The need for RabbitMQ is slightly more complicated. Why does cloud software need a remote procedure call (RPC) service in the background? According to OpenStack developers, the individual service components need to communicate with one another across node boundaries. A good example of this is Nova, the virtualization service in OpenStack: A command to create a new VM reaches its API component and creates a new VM on an arbitrary hypervisor node. The communication between Nova's individual services is handled via the Advanced Message Queuing Protocol (AMQP) offered by RabbitMQ.

Alternatives to RabbitMQ and MySQL are possible. Because access to RPC relies on an internal Python library that all services in OpenStack use and that supports the Apache messaging service Qpid, RabbitMQ could be replaced with Qpid without any problems. Similarly, MySQL could be replaced by PostgreSQL without difficulty. In practice, though, MySQL and RabbitMQ dominate the scene.

Keystone: The Bouncer

The Keystone service is responsible in OpenStack for everything that has to do with user authentication and authorization. Keystone joined OpenStack far later than Nova or Glance, but it is essential. Keystone is only a single application: The service is designed as a RESTful API, which all OpenStack services use, that can be addressed using HTTP commands. APIs are OpenStack's standard approach for responding to requests from users or other components.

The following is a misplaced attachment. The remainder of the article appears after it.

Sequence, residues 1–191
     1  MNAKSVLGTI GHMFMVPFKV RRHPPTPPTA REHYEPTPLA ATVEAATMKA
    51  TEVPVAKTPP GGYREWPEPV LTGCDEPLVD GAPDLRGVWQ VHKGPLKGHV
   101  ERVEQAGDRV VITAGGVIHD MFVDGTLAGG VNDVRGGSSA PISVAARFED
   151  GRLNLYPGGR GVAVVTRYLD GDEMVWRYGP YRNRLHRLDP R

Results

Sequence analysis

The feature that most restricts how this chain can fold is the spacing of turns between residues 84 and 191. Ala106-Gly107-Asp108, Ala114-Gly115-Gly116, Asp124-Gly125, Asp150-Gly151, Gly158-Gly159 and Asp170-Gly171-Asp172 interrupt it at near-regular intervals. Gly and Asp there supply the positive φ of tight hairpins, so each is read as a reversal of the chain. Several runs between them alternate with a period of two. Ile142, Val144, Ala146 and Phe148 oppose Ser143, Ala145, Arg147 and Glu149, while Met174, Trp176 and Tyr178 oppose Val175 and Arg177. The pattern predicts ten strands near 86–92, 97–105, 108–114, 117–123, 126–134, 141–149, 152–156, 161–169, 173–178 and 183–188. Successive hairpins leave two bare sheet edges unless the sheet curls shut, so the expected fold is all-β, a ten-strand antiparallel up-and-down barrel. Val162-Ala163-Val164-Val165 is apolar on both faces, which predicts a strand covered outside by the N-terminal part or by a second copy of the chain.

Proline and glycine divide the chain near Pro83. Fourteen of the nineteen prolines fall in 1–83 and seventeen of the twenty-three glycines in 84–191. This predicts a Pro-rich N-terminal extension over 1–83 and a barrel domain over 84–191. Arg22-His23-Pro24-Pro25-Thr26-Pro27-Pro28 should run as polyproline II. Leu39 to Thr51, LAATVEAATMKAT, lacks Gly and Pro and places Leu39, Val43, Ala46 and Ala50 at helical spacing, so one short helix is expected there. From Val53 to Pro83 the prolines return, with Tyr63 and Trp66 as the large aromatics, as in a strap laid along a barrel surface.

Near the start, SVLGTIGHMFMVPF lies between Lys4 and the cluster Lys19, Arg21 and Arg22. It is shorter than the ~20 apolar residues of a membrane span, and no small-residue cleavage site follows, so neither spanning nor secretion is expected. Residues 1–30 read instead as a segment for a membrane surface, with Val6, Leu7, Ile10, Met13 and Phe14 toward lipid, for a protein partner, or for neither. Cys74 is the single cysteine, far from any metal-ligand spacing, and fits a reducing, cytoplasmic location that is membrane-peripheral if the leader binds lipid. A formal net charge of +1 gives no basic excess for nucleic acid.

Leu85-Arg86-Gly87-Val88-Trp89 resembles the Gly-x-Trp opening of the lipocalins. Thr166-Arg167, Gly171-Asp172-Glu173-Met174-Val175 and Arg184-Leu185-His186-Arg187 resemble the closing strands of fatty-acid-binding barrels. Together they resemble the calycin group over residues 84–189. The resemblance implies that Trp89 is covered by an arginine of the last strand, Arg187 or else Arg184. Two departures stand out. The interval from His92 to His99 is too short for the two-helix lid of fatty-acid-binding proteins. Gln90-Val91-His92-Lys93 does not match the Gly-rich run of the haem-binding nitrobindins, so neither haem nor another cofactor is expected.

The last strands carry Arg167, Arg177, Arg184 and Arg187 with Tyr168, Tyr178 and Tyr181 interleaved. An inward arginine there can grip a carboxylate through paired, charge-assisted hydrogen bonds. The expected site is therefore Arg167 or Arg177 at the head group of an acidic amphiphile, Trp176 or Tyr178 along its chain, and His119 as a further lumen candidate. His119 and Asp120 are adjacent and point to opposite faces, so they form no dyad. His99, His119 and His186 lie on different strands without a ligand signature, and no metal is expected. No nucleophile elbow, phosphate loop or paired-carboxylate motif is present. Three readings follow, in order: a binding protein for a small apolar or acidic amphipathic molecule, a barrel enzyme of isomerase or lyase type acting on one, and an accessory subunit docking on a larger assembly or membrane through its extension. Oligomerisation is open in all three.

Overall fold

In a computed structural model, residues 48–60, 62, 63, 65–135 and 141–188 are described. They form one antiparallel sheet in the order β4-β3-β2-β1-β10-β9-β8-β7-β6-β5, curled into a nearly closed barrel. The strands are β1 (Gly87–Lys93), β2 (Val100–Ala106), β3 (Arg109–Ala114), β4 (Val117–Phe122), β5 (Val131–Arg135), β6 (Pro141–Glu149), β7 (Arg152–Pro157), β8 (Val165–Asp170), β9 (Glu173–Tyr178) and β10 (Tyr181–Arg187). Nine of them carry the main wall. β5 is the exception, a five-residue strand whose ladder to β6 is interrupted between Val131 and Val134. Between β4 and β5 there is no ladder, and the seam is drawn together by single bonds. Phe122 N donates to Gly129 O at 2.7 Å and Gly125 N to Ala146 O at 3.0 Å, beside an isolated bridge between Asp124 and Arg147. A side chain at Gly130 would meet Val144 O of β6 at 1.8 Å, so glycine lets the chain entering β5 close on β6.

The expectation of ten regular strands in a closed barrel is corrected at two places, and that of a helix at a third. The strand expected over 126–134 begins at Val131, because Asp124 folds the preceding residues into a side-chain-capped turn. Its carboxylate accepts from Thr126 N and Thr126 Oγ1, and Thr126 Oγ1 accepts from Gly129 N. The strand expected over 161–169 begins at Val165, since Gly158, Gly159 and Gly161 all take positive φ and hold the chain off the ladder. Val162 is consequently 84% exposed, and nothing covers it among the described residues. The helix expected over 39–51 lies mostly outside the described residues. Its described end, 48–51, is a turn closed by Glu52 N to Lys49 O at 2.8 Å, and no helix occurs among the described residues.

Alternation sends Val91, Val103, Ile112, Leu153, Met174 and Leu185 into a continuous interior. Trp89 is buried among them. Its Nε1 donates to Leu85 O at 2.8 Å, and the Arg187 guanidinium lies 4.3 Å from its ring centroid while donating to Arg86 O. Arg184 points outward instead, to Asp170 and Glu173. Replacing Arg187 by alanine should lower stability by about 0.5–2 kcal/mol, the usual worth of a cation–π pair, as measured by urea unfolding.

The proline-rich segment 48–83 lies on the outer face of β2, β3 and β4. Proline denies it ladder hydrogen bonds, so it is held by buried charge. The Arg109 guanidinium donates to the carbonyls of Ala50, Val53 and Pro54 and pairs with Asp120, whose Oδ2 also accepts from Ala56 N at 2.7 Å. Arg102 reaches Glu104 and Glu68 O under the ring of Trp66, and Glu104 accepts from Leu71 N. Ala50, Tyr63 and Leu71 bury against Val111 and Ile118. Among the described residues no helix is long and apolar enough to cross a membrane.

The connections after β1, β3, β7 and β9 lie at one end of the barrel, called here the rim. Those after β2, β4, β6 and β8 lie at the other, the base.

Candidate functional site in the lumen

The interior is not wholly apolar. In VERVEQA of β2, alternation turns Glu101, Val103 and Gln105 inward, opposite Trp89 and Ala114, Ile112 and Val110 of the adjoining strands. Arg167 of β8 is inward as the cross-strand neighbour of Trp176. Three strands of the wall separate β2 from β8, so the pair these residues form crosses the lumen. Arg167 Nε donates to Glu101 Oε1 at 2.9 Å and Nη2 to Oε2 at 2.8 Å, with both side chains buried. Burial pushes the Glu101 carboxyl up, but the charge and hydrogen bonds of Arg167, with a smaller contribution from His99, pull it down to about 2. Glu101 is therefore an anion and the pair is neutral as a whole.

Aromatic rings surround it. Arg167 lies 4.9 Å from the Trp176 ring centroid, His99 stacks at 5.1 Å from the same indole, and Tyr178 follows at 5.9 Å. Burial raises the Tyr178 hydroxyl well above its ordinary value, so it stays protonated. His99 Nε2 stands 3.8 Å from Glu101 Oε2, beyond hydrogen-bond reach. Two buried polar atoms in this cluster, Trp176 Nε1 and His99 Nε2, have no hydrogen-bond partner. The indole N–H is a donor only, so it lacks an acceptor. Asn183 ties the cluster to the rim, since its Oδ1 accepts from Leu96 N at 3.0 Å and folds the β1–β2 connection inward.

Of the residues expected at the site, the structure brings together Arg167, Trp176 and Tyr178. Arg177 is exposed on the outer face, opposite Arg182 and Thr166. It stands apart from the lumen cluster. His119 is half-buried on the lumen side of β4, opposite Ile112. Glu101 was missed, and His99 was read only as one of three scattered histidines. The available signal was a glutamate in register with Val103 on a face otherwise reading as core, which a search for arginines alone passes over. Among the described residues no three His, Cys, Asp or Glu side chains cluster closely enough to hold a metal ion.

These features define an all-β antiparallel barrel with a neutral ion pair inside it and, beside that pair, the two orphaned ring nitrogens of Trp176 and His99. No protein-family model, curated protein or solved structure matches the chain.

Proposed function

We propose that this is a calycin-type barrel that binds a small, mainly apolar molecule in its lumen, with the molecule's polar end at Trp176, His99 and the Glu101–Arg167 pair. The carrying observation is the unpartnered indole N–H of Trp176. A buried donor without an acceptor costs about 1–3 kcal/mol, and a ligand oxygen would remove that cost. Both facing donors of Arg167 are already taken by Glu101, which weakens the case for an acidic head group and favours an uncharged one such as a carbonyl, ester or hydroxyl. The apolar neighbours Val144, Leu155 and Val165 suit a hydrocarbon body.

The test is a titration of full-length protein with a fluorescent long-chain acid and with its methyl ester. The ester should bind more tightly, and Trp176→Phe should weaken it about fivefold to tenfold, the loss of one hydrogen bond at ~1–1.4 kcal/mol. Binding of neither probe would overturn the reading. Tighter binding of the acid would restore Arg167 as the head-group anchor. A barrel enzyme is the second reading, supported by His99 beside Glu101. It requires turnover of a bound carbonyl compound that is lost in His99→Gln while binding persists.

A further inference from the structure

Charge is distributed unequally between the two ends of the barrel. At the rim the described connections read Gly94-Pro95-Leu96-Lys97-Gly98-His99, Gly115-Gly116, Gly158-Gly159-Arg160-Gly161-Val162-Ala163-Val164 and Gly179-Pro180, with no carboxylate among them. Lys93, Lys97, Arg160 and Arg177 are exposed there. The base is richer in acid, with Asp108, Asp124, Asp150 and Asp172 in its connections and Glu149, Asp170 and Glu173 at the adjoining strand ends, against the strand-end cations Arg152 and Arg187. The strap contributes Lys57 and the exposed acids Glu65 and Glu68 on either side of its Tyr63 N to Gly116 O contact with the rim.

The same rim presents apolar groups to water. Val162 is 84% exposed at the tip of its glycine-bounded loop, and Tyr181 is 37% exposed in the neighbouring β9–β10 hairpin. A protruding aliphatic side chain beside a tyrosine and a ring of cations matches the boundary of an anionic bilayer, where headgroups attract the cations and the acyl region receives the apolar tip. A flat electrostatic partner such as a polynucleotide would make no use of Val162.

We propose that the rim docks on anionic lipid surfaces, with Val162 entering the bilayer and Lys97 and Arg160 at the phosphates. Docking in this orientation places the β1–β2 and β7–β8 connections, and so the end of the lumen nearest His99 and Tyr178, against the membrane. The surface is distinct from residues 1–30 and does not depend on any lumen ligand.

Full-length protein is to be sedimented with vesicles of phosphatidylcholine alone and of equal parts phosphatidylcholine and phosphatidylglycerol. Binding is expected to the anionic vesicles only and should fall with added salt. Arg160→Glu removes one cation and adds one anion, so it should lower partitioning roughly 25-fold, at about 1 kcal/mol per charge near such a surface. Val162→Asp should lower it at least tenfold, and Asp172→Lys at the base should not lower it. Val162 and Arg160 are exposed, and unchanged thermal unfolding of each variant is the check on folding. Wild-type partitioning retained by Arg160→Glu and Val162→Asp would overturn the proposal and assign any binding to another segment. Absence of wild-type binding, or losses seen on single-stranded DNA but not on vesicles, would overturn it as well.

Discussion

Keystone's main task is to issue tokens to clients: A token is a temporarily valid string that a user can use to authenticate against other services. When a user asks Keystone for a token with a valid combination of username and password, they can then embed the token as a header in HTTP requests to other services. Keystone can do even more. In the background, the service can connect to LDAP, and it is also used for authentication by the OpenStack components themselves: If a service wants to send a request to another service, it needs a valid token, like any other client (Figure 2).

Figure 2: Keystone governs authentication and authorization in OpenStack using tokens [2].

Keystone is internally organized along the lines of users, clients, and roles. The users belong to a specific client and have a specific role within this client. At their sole discretion, admins determine the roles, whose permissions are set at the level of each individual service.